There’s no better time of year to talk about declarations than on July 4th, the day the second Constitutional Convention meeting in 1776 approved the Declaration of Independence. Here’s a new one by Jennifer Barnett, a classroom teacher for more than 20 years who decided it was time for teachers to have a declaration of their own and wrote one. Barnett currently serves as Teacher Leader in Residence for the Center for Teaching Quality. A member of the Collaboratory and co-author of Teaching 2030: What We Must Do for Our Students and Our Public Schools … Now and in the Future , Jennifer blogs, manages a tech help wiki, and spends far too much time on Twitter.Read full article >>
Newly released documents show that additional Montgomery County school officials had to make reimbursements for purchases that were improperly charged to a credit card or paid for with public funds, including for personal expenses and event tickets.Read full article >>
The District has agreed to pay $450,000 to settle a lawsuit brought by the city public schools’ former head of food services, who had alleged he was fired for raising alarms about the system’s mismanagement of a money-losing contract with its largest food vendor.Read full article >>
Moody’s Investors Service downgraded Howard University’s credit rating Thursday for the second time in less than a year, citing a “precipitous deterioration” in the financial condition of the university’s teaching hospital.Read full article >>
How much do you really know about the history of the Declaration of Independence and events surrounding the famous date of July 4th, 1776?
When, for example, was independence actually declared by the second Continental Congress meeting in Philadelphia? Who was the first signer of the declaration? Who wrote it?Read full article >>
School board members from Alexandria, Manassas and Prince William County, a new assistant superintendent in Loudoun County and a parent in Prince William are among the members of a new statewide committee tasked with charting the course of Virginia’s Standards of Learning tests.Read full article >>
The U.S. Education Department announced Thursday that Virginia and five other states have been awarded another year of flexibility from some requirements of the federal No Child Left Behind law.
Congress has offered no legislative fix to the 12-year old education law, which includes the goal that all students should be proficient in reading and math by 2014. States falling short could risk sanctions or lose federal aid.Read full article >>
Affirmative action in college admissions for African Americans has been losing support in the United States for some time, with new “colorblind” methods of ending gaining ground in the courts. In this powerful defense of affirmative action, Richard Rothstein explains why pretending color doesn’t matter doesn’t actually work and why it is unfair. Rothstein is a research associate at the Economic Policy Institute, a non-profit created in 1986 to broaden the discussion about economic policy to include the interests of low- and middle-income workers. He is also senior fellow of the Chief Justice Earl Warren Institute on Law and Social Policy at the University of California (Berkeley) School of Law, and he is the author of books including “Grading Education: Getting Accountability Right, and “Class and Schools: Using Social, Economic and Educational Reform to Close the Black-White Achievement Gap.” He was a national education writer for The New York Times as well. This first appeared in the American Prospect.Read full article >>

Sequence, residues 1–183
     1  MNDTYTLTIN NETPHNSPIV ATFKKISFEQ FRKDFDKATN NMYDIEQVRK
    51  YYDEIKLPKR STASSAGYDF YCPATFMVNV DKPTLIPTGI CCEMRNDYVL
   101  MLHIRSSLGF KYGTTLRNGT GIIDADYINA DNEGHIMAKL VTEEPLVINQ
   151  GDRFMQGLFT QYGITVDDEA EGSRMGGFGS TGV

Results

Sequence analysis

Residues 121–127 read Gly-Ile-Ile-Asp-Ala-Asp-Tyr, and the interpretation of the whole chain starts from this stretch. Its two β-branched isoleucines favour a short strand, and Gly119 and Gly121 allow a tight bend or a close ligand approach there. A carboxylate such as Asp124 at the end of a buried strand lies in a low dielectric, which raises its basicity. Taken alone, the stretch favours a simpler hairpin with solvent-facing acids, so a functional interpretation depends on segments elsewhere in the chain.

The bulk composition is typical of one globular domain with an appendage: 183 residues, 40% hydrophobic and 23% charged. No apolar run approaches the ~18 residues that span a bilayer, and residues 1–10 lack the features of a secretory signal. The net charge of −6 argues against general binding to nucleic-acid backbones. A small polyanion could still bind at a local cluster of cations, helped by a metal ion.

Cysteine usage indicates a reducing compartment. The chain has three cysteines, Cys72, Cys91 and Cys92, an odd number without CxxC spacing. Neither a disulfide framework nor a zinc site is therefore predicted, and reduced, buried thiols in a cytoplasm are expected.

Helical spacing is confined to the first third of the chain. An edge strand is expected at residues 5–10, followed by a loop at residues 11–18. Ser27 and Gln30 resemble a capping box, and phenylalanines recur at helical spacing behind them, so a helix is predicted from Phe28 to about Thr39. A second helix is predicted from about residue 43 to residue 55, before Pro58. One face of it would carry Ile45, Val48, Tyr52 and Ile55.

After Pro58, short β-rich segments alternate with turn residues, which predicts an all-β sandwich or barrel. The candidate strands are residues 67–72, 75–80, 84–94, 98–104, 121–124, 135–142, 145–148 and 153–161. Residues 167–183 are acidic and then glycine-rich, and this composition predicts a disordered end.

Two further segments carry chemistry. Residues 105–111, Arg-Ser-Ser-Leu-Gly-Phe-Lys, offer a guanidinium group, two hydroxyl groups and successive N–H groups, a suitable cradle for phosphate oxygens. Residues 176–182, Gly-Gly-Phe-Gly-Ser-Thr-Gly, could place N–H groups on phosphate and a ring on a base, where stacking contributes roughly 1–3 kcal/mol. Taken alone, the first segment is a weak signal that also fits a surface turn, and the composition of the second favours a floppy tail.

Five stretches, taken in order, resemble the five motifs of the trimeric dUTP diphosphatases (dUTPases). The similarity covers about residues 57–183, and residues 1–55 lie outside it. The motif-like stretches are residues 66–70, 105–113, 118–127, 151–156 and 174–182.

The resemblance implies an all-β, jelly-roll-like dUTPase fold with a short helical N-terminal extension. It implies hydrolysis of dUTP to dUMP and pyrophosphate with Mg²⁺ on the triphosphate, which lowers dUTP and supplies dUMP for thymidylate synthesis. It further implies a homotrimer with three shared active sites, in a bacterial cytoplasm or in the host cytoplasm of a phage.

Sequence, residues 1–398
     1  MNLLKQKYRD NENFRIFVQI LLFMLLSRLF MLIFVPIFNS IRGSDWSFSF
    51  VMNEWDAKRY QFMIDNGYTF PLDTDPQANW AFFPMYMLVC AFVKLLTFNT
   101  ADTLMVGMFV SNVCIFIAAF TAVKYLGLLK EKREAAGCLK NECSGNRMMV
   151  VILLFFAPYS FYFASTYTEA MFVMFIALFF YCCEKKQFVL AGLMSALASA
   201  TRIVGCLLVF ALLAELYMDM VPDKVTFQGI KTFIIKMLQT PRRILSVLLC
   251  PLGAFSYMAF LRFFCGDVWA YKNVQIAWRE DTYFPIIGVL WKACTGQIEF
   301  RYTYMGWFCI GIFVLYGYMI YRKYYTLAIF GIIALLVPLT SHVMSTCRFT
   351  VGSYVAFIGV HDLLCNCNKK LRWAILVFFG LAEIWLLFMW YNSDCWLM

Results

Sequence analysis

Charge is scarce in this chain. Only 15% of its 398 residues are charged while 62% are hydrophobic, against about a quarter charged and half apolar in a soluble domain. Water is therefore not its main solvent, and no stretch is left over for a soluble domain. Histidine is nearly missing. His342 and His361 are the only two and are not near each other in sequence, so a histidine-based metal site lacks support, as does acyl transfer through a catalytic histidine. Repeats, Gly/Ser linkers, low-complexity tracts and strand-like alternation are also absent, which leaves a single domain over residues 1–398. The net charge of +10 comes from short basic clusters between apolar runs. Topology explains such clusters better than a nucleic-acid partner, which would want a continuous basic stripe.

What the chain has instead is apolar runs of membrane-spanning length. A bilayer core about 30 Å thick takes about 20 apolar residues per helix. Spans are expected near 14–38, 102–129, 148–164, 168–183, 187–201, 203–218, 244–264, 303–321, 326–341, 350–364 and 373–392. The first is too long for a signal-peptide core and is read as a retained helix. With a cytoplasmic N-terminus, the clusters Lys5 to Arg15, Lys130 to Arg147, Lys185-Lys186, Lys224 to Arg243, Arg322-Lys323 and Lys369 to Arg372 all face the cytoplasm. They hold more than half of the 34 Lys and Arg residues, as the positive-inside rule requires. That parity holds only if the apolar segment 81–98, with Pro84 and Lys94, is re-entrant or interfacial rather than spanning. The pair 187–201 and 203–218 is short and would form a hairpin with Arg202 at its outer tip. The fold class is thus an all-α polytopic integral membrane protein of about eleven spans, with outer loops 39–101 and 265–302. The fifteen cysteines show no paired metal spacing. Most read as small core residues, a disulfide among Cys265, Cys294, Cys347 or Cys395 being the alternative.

Morgan State University in Baltimore is among dozens of colleges and universities under federal investigation for possible violations of anti-discrimination law in handling reports of sexual violence.
The investigation of Morgan State began June 26, according to a document that the U.S. Education Department made public Wednesday.Read full article >>
Rarely has the education field produced a set of initials as necessary but as troublesome as these: IEP. They stand for individualized education program, the plan that governs how each child with a disability should be taught and what he or she should learn.Read full article >>
Heather Hills Elementary School in Prince George’s County, which was designated a National Blue Ribbon School in 1990 and a Maryland Blue Ribbon School in 2007, has a clear history of student achievement.Read full article >>